Building Land Systems for Drought-Flood Resilience


Reblogging because we are in the grip of another drought in Hawke’s Bay, and nothing much has changed. Yet there are all the examples in the world from which to learn, and beautifully written books by some of the minds I admire the most, and the logic of first principles. But the mechanical and reductionist paradigm continues, and you are considered a crackpot if you suggest another way of thinking about a complex issue.

Interesting that Jon Morgan dug up some of the presentation work we did back in 2009 during the last major 07-09 drought in Hawke’s Bay. He remembered the higher covers work – significantly reduces evapotranspiration as does integrated woodlands for shelter, along exactly the same principles of reducing the Osmotic Gradient from wet leaf/soil to dry hot air that you see in plants with sunken stomata or tomentose (hairy) leaves.

It is not information that is lacking, it is the paradigms of thought that are limiting us.

Chris Perley's Blog

A few notes from a morning rant

“Although rainwater harvest has been accomplished by humans in virtually every drought prone region of the world for millennia, our society seems to have collective amnesia about the utility, efficiency, sustainability and beauty of these time-honoured practices.”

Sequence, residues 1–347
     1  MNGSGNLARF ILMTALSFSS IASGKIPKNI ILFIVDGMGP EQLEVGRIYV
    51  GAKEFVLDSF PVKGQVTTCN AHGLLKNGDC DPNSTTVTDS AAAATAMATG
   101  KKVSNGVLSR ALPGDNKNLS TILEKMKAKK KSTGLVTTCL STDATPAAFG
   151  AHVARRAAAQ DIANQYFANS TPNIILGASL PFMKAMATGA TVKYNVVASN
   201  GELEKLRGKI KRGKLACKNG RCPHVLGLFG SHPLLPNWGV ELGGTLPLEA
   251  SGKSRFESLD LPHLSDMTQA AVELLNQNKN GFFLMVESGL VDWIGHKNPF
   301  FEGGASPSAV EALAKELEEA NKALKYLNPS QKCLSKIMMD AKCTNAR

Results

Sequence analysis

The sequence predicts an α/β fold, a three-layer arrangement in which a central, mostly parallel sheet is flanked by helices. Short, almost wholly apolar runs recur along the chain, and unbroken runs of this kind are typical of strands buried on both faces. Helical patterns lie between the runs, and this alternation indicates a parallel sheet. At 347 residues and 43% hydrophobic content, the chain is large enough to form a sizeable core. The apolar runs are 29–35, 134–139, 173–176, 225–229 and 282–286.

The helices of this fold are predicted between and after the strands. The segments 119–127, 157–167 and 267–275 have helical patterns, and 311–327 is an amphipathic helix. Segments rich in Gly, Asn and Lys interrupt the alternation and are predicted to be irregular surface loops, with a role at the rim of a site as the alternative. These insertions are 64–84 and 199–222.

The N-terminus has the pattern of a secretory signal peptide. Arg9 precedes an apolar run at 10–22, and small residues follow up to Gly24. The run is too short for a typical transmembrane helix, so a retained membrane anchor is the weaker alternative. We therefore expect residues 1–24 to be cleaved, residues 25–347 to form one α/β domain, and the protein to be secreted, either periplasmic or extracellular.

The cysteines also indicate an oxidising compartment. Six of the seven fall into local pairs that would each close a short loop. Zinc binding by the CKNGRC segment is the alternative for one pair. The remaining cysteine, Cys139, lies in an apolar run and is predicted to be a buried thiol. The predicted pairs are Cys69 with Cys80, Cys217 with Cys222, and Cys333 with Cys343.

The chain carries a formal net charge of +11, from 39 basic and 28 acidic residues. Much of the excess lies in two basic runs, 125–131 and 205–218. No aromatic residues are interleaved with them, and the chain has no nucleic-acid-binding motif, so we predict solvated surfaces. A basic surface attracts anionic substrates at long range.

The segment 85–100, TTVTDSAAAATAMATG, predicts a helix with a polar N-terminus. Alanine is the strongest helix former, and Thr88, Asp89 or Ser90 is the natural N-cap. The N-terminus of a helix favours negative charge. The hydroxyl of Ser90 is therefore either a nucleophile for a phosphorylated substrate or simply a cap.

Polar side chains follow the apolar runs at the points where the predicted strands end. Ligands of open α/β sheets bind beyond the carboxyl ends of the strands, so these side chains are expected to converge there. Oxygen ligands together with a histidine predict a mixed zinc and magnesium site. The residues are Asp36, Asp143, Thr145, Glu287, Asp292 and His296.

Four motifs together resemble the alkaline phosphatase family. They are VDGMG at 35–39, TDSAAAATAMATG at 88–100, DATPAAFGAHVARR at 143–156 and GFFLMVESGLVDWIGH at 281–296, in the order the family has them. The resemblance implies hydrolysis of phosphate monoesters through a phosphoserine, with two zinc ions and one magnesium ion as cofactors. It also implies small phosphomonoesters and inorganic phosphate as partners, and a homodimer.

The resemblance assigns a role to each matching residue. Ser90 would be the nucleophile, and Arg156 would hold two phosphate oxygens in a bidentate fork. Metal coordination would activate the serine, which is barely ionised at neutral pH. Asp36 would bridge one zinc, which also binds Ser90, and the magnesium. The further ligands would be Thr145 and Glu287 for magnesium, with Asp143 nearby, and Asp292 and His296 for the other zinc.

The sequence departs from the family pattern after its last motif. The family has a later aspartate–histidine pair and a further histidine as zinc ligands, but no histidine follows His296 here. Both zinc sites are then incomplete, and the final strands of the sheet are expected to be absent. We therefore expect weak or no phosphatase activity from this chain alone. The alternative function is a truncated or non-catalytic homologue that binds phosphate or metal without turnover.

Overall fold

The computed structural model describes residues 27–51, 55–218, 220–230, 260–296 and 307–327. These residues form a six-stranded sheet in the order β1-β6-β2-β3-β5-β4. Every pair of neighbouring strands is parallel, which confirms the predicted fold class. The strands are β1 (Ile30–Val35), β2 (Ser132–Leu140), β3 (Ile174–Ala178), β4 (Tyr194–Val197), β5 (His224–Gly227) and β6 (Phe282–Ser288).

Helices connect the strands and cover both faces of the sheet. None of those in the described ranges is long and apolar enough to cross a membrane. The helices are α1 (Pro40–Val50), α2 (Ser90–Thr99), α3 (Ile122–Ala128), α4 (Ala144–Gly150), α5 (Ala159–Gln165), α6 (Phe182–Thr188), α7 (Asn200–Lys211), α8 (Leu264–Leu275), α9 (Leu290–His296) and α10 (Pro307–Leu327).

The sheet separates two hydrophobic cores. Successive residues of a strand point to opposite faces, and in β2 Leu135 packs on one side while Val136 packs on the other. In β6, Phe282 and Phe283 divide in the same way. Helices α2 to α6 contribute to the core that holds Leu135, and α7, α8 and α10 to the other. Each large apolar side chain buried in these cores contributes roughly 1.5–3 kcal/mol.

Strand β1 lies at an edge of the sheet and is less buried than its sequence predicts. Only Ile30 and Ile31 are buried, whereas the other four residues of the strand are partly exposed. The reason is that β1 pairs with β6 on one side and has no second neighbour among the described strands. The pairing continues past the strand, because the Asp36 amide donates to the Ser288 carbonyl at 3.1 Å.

Gary Paul Nabhan

  US drought Early 2015US-Drought-Monitor-Map1

The tendency of the technocrat is to only look for solutions within their paradigm. Drought and floods are but one example. The response to the mega-drought currently hitting California and its neighbouring states is a case in point. Senior water scientist Jay Famiglietti has caused a stir in California by highlighting the extreme drought situation they face, and the lack of systemic thinking to resolve this problem.

He criticized Californian officials for their lack of long-term planning for how to cope with this drought, and future droughts, beyond “staying in emergency mode and praying for rain.”

When we were focusing on…

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